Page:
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Extension to Complement Our Barn Conversion: Case Study

By: Mary Williams BA (hons) - Updated: 18 Mar 2013 | comments*Discuss
Barn Extension Traditional Location

The Bignall family had lived in their converted barn for 16 years when they decided to build an extension. The problem was coming up with a design that blended well with the original structure, satisfied the planners and made the most of the incredible views.

Karen Bignall said:

“When we bought our barn it had already been converted. It is beautiful Grade II listed property that is thought to date back to the 17th century. The walls are made from brick and flint and it still has all sorts of wonderful original features. There are lots of exposed beams inside and the beautiful arched shapes of its windows have been retained.

Beautiful Barn

The barn has one large living area, in which we have a sitting room space, with a wood-burner, and a dining area. The main stairs come down to one side and lead up to a galleried landing. Also on the ground floor is the kitchen, which leads out on to the terrace. Upstairs, we have four bedrooms and two bathrooms.

With just two children, the barn was the ideal size. There was plenty of room both for the family and for guests to come to stay. There was also lots of space for entertaining. We had several big parties over the years both inside and out.

Designing an Extension

Our barn is set in a stunning location with wonderful views down to the river and across the valley. Our only slight regret about it was that nowhere really made the most of those views. You could catch glimpses but due to the positioning of the windows, there was nowhere to sit and relax where you could really take in the amazing panorama.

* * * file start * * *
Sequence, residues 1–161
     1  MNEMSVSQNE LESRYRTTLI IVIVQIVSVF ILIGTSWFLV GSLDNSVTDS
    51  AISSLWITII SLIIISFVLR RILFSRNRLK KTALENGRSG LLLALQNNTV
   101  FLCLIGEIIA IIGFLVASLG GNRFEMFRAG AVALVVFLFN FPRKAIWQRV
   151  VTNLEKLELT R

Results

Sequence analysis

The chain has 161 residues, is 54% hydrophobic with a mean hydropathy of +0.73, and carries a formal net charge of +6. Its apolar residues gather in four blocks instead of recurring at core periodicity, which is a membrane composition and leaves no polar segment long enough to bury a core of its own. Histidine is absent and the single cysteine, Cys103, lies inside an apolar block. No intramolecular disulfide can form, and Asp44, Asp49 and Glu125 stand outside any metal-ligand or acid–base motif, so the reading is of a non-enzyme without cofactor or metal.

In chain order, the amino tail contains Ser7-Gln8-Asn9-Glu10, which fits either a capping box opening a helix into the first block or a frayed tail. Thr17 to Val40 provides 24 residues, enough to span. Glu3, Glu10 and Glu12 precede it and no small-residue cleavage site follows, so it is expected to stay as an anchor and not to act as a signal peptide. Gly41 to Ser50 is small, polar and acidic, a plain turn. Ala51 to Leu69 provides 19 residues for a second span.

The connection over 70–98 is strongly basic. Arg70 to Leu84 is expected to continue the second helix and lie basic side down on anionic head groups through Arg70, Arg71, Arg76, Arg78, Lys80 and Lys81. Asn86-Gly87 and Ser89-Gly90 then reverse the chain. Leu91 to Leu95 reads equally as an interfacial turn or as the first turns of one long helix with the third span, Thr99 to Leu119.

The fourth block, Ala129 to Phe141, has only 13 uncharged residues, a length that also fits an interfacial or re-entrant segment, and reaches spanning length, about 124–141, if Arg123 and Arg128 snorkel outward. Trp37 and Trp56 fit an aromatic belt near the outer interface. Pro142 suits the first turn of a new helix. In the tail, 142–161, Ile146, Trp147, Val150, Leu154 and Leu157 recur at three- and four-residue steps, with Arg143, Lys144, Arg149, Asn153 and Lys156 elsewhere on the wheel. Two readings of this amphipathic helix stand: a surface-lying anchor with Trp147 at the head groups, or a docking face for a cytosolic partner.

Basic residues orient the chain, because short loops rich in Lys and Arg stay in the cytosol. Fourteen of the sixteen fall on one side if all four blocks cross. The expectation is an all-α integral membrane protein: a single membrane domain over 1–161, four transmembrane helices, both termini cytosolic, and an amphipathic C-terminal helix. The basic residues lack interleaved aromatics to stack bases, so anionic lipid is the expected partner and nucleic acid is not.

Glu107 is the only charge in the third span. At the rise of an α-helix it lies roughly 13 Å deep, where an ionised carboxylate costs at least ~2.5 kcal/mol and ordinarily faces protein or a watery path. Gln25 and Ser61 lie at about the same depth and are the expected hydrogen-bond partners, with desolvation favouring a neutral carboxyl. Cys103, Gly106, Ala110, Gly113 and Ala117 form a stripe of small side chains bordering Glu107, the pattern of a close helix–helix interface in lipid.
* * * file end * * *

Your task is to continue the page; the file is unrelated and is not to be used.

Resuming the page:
After much consideration, however, we eventually decided the answer was to build a garden room, an extra space that flowed on from the main living area and that featured lots of glass. Like the kitchen, it would open out on to a terrace. We put our ideas to an architect who drew up some plans. We went for quite a bold, modern design featuring lots of glass that we thought would contrast with the older original barn and would look eye-catching. Unfortunately, however, the planners thought otherwise. They described our plans as too “industrial” and it was back to the drawing board.

In Keeping With Character

The next set of plans was more acceptable. We did have to work closely with the conservation officer at the council in adapting them but eventually we came to an agreement. We would be given permission for large windows that were not in keeping with traditional barn-style windows if we had sections of brick and flint, as well as timber. The shape of the building had to follow the shape of the original barn – and the join had to be seamless.

So work began and, wherever possible, we built our extension using reclaimed materials - and it looked fantastic. Inside, we laid a reclaimed oak floor that flowed on beautiful from the living area. We keep areas of the brick and flint wall exposed for character and we brought in some very contemporary looking furniture that gave us that “old and new” contrast we had been seeking.

Today, the garden room looks as if it has always been there from the outside, so perhaps the planners were right. It is the most wonderful place to sit as the sun goes down and has delivered everything we were seeking in terms of capturing the views."

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